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Protocol Deviations and Study Noncompliance

What is a Protocol Deviation?

A protocol deviation is any departure from the study procedures as specified in the IRB-approved protocol. For example, a protocol deviation may involve using an unapproved version of a consent form or recruitment flier, or it may involve implementing some other change to the study protocol without first receiving IRB approval.

In some rare instances, deviations from the protocol may be necessary to eliminate an apparent immediate hazard to a participant. However, all other changes to the protocol must be submitted to and approved by the IRB prior to implementation.

What is Study Noncompliance?

is defined as the failure to follow federal, state, or local regulations governing human subject research, institutional policies related to human subject research, or the requirements or determinations of the IRB. Noncompliance may be either serious, or continuing, or both serious and continuing. Noncompliance that is not serious or continuing is considered to be general noncompliance by the IRB.

Examples of noncompliance include beginning a research project without first receiving IRB approval, enrolling more participants than the IRB has approved, or not submitting a continuing review on time.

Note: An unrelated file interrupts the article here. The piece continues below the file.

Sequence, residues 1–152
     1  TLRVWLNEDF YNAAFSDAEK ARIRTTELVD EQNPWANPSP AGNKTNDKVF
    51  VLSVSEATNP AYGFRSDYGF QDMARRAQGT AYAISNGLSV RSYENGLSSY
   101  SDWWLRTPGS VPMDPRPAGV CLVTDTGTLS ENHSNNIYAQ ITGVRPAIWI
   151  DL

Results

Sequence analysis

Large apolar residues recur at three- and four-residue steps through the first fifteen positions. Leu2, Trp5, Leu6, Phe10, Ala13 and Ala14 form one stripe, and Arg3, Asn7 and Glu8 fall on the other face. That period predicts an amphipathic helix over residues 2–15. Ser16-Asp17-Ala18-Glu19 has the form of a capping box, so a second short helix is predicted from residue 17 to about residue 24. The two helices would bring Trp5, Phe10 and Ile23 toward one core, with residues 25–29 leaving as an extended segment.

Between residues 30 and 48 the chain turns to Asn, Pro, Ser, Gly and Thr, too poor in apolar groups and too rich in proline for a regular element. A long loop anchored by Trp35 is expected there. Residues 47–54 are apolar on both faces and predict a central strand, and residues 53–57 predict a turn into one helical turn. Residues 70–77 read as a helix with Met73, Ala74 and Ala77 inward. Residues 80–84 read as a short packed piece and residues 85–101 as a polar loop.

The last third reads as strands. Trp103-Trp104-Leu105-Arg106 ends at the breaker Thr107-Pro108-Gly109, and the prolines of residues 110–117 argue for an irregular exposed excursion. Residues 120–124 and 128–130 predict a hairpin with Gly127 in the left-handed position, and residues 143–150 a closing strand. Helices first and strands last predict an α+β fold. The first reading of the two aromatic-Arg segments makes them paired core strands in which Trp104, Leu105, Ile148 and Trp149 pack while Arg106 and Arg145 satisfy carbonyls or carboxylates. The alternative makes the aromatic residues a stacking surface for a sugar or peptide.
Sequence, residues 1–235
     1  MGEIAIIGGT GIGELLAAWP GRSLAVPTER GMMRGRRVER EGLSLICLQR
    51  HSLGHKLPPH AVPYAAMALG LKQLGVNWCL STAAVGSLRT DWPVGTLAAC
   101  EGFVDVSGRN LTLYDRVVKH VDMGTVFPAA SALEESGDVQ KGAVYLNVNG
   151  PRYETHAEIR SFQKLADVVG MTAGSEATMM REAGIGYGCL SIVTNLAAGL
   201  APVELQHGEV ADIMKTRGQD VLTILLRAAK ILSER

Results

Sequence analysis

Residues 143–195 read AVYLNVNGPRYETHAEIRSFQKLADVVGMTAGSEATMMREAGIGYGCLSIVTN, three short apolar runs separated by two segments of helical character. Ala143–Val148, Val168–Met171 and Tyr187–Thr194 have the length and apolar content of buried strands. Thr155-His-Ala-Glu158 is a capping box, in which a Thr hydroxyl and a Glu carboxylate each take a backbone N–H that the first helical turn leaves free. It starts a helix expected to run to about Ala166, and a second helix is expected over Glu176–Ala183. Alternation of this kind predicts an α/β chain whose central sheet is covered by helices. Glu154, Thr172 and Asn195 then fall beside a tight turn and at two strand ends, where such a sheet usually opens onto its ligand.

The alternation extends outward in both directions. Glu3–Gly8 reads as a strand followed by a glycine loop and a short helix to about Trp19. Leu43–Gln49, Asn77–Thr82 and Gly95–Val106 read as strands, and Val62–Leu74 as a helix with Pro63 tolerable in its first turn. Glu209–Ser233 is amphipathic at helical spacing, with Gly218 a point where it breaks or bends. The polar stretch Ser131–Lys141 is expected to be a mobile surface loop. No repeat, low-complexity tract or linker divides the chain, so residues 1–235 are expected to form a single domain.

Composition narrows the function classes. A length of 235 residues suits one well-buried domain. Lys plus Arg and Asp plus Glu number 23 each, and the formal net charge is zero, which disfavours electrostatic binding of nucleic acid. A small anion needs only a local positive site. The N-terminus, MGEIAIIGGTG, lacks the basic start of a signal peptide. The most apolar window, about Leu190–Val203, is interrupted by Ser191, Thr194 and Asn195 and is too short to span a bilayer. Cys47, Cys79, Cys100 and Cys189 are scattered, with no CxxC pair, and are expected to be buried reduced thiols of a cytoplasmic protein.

is defined as noncompliance that, in the judgment of the convened IRB, creates an increase in risks to subjects, adversely affects the rights, welfare, or safety of subjects, or adversely affects the scientific integrity of the study. Willful violation of policies and/or federal regulations may also constitute serious noncompliance.

 is defined as a pattern of noncompliance that, in the judgment of the convened IRB, suggests a likelihood that instances of noncompliance will continue unless the IRB or institution intervenes.

When Should I Report a Deviation or Noncompliance?

Investigators and their study staff are required to report instances of possible noncompliance to the IRB within 7 working days of discovery using the Reportable New Information form in iMedRIS.

Additionally, anyone may report concerns of possible noncompliance to the HRPP or IRB verbally, by email, or other means. In such cases, the reporting party is responsible for making these reports in good faith, maintaining confidentiality and, unless reporting anonymously, cooperating with any subsequent fact-finding in relation to the report.

If an individual, whether investigator, study staff or other, is uncertain whether there is cause to report noncompliance, he or she may contact the HRPP Director or IRB Chair directly to discuss the situation informally.